Whether you want to call Birds Requiem, the new album from Tunisian oud virtuoso Dhafer Youssef, jazz layered with world music or world music spiced with jazz, is really only a question of emphasis. The one thing that’s truly essential to call it is beautiful. Youssef has put together an exotic musical journey that resonates with mystical elegance.
Certainly much of the album’s exoticism comes from the musician’s instrument and its cultural traditions. The oud, a staple of Middle Eastern music, is a cousin of the lute. It features a fretless short neck which gives it a sound all its own. Usually it is strung with five sets of paired strings and a bass string. It is an instrument that evokes the souk, flying carpets, and Aladdin’s lamp.
But it is less hokey magic and more an otherworldly spirituality that pervades the music of Birds Requiem. The title imagery alone suggests the natural religiosity the composer seems to be seeking. Early on Youssef says he planned to call the album “Incantations,” a title with even more obvious mystical denotations. Listening to the recorded music, the new title “imposed” itself. Incantation smacks too much of magic. Requiem, with all its ritual formality, as well as its classical music associations, is the much more appropriate title for the work Youssef has produced.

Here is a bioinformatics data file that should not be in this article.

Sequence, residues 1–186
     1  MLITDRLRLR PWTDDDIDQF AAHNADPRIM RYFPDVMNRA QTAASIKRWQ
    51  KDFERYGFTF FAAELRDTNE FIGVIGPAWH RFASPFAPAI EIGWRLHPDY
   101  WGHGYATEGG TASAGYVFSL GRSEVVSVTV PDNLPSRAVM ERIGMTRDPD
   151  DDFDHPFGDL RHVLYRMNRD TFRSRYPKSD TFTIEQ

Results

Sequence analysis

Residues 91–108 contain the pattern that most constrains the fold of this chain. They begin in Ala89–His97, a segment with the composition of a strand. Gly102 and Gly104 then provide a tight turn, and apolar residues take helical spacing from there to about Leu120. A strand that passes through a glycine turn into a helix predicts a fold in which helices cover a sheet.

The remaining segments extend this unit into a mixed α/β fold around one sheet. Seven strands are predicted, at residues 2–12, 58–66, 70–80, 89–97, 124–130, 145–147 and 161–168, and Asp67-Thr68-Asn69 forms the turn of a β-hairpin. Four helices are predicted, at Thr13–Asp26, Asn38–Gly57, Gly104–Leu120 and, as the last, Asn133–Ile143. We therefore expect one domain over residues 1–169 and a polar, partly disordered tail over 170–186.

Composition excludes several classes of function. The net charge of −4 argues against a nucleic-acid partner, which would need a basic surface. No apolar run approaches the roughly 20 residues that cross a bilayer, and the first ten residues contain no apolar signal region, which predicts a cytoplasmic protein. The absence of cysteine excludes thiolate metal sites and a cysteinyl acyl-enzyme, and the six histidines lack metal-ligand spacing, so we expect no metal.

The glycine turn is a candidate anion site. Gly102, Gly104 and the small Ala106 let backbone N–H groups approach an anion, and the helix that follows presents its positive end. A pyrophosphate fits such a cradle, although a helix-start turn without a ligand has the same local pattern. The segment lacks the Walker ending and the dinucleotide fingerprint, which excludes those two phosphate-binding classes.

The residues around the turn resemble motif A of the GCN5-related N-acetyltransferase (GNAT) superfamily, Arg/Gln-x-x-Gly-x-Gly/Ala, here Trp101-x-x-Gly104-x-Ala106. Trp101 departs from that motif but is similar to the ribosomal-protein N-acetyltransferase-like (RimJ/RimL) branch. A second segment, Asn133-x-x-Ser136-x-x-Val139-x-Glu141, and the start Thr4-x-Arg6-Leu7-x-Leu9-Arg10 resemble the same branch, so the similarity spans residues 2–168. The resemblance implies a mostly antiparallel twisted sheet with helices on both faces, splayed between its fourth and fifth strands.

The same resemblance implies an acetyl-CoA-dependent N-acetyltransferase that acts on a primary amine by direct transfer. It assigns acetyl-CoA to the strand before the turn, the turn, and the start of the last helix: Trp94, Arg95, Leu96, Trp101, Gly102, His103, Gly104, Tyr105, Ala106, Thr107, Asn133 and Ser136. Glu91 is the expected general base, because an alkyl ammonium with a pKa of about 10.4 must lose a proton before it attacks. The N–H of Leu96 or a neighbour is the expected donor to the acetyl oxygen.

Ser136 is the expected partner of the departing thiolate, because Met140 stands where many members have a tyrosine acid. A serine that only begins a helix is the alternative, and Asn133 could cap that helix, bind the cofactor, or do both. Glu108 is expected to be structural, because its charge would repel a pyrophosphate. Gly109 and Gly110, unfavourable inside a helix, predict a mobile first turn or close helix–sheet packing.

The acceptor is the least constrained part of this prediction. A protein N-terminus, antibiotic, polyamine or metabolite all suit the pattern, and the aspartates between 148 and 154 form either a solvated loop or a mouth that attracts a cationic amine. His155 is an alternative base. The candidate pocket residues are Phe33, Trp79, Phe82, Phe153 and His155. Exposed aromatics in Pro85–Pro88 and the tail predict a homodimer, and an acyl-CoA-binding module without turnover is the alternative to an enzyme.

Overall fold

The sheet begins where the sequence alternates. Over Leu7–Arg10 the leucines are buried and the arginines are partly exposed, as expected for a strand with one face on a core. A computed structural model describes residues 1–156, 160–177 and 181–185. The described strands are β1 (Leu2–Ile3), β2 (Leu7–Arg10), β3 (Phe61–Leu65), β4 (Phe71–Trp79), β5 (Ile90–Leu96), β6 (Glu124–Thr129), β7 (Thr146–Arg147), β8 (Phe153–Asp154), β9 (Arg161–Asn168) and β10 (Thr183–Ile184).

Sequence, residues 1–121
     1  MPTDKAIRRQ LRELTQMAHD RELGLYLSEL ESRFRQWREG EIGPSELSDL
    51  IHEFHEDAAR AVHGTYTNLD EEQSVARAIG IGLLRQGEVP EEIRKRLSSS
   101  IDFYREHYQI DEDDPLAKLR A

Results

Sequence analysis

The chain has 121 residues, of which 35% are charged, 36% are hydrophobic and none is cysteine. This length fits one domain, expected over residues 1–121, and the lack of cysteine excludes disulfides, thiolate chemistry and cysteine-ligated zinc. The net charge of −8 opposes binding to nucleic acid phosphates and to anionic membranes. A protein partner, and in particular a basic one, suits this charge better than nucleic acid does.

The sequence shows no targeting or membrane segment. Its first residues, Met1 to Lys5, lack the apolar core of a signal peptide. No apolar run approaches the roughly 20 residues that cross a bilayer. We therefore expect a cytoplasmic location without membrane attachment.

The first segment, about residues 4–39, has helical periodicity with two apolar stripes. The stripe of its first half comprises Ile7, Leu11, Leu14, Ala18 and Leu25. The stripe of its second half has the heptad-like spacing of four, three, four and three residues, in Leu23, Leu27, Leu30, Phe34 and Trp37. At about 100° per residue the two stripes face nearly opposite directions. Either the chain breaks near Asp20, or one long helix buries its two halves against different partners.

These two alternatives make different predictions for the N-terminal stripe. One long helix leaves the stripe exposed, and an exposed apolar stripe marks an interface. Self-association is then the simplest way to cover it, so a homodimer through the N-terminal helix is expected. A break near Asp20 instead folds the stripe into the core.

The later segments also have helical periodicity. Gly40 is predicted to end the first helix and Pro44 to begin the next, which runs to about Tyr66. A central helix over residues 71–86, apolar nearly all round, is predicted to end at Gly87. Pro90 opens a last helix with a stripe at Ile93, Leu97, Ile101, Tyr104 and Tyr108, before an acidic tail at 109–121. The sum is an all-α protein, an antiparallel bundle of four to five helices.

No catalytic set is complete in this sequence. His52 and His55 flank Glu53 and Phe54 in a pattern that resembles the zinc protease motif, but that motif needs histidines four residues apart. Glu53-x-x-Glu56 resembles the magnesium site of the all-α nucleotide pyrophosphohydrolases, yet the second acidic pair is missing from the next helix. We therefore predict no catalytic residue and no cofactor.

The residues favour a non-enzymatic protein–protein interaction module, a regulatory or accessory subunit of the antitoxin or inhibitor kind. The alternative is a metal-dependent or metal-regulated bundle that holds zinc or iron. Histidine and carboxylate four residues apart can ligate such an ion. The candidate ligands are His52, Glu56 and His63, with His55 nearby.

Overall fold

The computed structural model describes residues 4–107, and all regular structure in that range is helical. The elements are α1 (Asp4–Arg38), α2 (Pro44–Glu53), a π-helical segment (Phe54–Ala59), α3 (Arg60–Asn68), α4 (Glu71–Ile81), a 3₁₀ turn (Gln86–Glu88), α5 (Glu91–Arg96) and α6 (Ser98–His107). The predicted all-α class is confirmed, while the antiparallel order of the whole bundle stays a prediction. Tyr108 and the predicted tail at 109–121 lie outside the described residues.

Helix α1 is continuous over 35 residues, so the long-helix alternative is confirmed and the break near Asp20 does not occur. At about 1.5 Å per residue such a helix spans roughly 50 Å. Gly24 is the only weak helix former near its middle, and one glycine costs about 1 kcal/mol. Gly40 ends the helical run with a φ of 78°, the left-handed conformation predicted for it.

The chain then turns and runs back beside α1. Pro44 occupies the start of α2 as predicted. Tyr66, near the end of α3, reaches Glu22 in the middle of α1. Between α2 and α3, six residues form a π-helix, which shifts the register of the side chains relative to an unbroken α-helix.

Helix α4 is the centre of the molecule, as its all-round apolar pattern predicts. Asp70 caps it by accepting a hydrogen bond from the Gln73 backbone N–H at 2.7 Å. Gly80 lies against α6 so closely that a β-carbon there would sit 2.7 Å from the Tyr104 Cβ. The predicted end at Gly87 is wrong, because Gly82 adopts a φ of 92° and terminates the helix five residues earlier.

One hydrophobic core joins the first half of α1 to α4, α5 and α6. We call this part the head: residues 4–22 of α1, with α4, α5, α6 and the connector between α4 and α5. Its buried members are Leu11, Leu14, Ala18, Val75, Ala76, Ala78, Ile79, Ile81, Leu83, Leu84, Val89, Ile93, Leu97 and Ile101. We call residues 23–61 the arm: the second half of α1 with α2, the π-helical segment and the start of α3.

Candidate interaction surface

The album consists of 10 tracks composed by Youssef, and one song, “Khira ‘Indicium Divinum’ Elegy for My Mother,” which he tells us was completely improvised between pianist Kristjan Randalu and trumpeter Nils-Petter Molvaer. The complete ensemble, which recorded primarily in Sweden, includes clarinetist Husnu Seniendirici, double bassist Phil Donkin, drummer Chander Sardjoe, and electric guitarist and electronics player Eivind Aarset. Aytac Dogan plays the zither-like kanun. Youssef adds some vocals.
Four tracks specifically titled “Birds Requiem” are spaced strategically throughout the set. “Birds Canticum ‘Birds Requiem’ Suite” opens the album. “Fuga Hirundinum ‘Birds Requiem’ Suite” is its fifth track, followed by “Archaic Feathers ‘Birds Requiem’ Suite” the eighth track. The album ends with “Whirling Birds Ceremony ‘Birds Requiem’ Suite.” These four pieces provide the central focus of the album. The idea of the parts of the suite scattered through the whole suggests a thematic relationship throughout, a symbolic intermingling of voices symbolizing the dialogue between the spiritual and earthborn.
Youssef also says that the music was composed as though it was intended for an imagined movie, the score for a movie in his mind, once again stressing some important unifying principle underlying the whole. Suffice it to say, from beginning to end, this is a powerful piece of music. Whether in parts or as a whole, it is a unique composition that needs to be heard to be appreciated.